Pranayama is more than simple breathing exercises and it must be practised systematically and under proper guidance. The word ‘prana’ is a combination of two syllables, pra and na. Prana is the vital life force. Pranayama is a combination of ‘prana’ and ‘ayama’, which means ‘pranic capacity or length’. It does not refer to breath control, but instead is a technique in which the quantity of prana in the body is activated to a higher frequency.
The Prana and the Mind are intricately linked. Fluctuation in either of them can cause serious damage in the other. When either the prana or the mind is balanced, the other is steadied. Hatha Yoga says, control the prana and the mind is automatically steadied. Whereas, Raja Yoga says, control the mind and the prana is automatically balanced.
Because of the inborn tendency of the human mind to jump here and there like a wild monkey, it becomes very difficult to keep it still. By trying to concentrate on the bodily functions and the vital energy, the mind automatically becomes still.
The breathing process is directly linked to the brain and the central nervous system. Erratic breathing sends erratic impulses to the brain centre and thus creating very disturbed responses. When the impulses coming from the nose are also arrhythmic, irregular impulses are sent to the brain, causing more disharmony and imbalance.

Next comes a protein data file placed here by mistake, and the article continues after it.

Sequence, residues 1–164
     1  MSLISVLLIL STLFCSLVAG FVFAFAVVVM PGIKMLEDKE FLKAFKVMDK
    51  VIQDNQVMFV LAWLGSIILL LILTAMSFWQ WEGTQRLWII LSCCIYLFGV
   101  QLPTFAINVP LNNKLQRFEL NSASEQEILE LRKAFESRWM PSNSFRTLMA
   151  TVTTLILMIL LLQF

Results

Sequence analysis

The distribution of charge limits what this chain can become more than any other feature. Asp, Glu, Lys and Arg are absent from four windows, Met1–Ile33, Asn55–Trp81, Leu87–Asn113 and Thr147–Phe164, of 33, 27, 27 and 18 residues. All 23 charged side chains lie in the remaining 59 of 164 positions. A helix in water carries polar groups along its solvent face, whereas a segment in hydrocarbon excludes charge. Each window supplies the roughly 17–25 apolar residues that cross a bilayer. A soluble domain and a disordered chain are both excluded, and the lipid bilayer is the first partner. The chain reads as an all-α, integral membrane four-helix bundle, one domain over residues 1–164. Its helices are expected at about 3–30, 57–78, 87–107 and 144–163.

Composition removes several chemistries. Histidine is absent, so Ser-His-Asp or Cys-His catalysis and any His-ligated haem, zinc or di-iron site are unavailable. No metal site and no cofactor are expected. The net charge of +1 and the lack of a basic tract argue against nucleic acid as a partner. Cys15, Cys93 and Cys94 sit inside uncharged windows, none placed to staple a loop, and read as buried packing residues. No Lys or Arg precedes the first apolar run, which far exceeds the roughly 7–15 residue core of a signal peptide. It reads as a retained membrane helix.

Sage Patanjali, actually defines Pranayama as the gap between inhalation and exhalation. Pranayama is usually considered as the gap between the inhalation and the exhalation, combined with retention. Retention is the most important part of Pranayama as it allows the body to assimilate the prana for a longer duration of time, i.e., for the exchange of Oxygen and Carbon di Oxide. He further says that retention of the breath after expiration removes the obstacles to Yoga. Breath retention must be developed in order to stop the fluctuations of the brain and the mind.
I am sure each one of us have tried to practice mantra or meditation, but the fluctuating mental waves creates a barrier between you and the object of meditation.
So, how to control the mind???
It has been found that through Pranayama, Mudras, Bandhas and certain asana postures, which regulate the prana, the mind can be controlled. In many spiritual traditions, it has been identified that by concentrating on the breath, one can still the mind, develop one-pointedness and enter into deeper realms of the mind and consciousness.
So set aside at least 10 minutes in a day and listen, observe and focus on your breath. To still the mind…breathe!